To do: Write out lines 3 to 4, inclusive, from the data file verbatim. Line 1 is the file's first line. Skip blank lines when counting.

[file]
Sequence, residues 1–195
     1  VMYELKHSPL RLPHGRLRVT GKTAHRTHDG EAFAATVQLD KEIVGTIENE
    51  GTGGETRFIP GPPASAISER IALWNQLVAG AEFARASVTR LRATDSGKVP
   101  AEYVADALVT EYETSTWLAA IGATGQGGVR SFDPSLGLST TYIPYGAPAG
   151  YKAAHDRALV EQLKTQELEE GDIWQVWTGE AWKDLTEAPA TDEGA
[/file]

    51  GTGGETRFIP GPPASAISER IALWNQLVAG AEFARASVTR LRATDSGKVP
   101  AEYVADALVT EYETSTWLAA IGATGQGGVR SFDPSLGLST TYIPYGAPAG